Hexbyte Tech News Wired
For the last half decade, 3-D printed pistols and metal-milled “ghost guns” have only rarely caught the attention of lawmakers, and have barely registered in the mainstream of America’s gun control debate. But now, a controversial legal settlement may have unlocked a new era of digitally fabricated, DIY guns. It’s also unleashed a political backlash unlike anything seen in the five years since the first 3-D printable firearm appeared online.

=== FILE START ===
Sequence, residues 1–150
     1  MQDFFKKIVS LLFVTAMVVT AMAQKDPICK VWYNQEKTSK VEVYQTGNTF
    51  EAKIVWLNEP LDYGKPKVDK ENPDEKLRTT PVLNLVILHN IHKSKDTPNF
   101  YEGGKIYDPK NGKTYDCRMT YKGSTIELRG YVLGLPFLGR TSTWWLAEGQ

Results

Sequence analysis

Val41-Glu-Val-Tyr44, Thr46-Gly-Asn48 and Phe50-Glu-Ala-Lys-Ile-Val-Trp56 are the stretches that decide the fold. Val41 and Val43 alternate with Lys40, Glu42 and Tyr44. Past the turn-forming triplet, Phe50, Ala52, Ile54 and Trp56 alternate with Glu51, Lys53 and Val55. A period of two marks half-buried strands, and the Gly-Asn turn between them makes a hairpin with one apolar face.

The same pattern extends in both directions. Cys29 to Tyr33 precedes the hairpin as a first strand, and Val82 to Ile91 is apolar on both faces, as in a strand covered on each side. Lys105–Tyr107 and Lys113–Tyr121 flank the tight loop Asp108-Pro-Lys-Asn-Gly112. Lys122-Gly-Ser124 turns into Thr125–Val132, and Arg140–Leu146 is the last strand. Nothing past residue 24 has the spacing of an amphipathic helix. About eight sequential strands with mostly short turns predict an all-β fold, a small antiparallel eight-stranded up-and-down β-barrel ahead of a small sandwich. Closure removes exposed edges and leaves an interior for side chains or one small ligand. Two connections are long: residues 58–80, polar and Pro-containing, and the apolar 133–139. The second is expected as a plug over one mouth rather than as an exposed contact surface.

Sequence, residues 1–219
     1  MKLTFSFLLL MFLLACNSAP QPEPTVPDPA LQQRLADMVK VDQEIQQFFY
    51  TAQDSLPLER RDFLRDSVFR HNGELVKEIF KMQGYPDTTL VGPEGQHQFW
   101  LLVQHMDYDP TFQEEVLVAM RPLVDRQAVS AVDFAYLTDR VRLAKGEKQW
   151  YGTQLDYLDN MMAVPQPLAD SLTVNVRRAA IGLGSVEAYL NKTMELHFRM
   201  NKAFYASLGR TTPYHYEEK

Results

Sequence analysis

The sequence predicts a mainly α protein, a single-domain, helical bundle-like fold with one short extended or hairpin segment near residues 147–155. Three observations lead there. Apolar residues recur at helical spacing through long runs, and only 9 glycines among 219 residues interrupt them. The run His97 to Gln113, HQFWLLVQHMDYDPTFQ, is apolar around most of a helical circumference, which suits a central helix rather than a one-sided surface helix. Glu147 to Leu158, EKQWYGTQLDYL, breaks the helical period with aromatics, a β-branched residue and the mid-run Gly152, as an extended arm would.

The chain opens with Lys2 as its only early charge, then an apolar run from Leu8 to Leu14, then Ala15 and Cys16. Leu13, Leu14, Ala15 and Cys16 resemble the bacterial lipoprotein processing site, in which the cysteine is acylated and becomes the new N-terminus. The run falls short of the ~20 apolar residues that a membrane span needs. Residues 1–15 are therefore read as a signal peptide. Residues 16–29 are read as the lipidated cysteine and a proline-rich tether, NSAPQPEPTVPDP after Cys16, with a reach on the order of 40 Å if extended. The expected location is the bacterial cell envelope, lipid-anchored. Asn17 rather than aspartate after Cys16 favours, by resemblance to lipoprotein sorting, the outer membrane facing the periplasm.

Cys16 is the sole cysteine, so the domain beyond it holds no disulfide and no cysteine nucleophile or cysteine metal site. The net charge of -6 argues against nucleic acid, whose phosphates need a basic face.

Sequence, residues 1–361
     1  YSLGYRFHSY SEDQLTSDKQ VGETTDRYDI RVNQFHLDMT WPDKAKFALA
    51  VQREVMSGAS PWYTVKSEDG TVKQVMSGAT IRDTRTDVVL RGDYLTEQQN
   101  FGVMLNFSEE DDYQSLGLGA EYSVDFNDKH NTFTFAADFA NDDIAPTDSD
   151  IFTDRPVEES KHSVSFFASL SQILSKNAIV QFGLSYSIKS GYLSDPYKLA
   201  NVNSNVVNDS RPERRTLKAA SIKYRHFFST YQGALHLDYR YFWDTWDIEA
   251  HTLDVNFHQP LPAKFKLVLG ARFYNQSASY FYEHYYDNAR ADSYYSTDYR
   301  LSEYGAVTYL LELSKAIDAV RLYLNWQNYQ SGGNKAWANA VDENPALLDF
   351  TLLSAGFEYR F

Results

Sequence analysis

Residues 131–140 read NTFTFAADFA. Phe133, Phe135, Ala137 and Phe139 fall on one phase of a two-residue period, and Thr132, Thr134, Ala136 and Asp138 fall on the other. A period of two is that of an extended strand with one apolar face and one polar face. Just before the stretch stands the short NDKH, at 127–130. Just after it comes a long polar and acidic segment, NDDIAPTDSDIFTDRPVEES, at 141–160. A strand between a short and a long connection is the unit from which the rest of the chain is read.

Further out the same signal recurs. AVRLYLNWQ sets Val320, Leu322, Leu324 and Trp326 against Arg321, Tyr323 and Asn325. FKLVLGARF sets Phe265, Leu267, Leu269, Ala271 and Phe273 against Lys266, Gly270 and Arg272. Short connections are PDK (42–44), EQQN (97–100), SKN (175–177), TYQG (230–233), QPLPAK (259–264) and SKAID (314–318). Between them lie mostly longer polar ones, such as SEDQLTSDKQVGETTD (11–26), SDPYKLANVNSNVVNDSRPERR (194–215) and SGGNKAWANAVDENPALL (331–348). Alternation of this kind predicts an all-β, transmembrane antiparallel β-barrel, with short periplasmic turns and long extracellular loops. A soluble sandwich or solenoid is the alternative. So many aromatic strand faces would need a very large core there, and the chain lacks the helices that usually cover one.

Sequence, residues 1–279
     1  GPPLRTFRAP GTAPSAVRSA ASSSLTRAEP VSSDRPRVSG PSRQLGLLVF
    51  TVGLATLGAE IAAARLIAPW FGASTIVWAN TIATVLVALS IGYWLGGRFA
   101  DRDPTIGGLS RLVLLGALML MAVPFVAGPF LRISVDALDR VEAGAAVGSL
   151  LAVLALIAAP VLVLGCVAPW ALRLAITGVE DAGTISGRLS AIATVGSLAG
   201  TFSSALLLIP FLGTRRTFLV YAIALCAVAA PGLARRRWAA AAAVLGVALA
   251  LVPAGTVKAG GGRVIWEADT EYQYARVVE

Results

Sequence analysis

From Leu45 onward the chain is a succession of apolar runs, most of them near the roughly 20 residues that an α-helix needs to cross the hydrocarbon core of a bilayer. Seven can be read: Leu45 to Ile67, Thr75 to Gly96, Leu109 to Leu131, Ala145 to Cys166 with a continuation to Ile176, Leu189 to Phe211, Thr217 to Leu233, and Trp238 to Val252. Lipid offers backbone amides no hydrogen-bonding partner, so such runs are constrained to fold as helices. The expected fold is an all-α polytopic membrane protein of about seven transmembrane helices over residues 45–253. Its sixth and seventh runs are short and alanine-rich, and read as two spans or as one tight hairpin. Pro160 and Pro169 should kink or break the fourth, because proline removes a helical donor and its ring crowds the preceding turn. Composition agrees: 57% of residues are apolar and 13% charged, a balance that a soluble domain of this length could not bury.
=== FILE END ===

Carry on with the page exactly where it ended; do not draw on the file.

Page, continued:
Earlier this month, WIRED broke the news that gun access group Defense Distributed had obtained a key settlement in its lawsuit against the State Department, winning the right to publish the blueprints and CAD models for practically any commercially available gun, files ready to be downloaded from the web and fed into a 3-D printer or computer-controlled milling machine to produce a lethal weapon in the unregulated privacy of anyone’s garage.